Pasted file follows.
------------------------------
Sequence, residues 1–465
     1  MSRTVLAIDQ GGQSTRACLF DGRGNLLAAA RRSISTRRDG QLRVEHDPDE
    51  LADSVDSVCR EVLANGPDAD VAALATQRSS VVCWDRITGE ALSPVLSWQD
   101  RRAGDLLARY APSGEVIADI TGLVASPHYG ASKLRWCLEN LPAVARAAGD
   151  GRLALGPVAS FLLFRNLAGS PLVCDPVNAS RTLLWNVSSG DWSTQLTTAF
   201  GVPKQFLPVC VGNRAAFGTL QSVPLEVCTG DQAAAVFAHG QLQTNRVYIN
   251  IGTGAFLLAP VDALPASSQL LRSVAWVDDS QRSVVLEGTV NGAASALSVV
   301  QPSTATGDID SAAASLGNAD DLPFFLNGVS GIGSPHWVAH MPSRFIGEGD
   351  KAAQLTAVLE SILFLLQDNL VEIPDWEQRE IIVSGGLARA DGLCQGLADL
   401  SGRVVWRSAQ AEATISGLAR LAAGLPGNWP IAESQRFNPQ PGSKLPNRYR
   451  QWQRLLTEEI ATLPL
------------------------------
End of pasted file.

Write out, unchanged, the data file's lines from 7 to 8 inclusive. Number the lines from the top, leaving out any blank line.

   251  IGTGAFLLAP VDALPASSQL LRSVAWVDDS QRSVVLEGTV NGAASALSVV
   301  QPSTATGDID SAAASLGNAD DLPFFLNGVS GIGSPHWVAH MPSRFIGEGD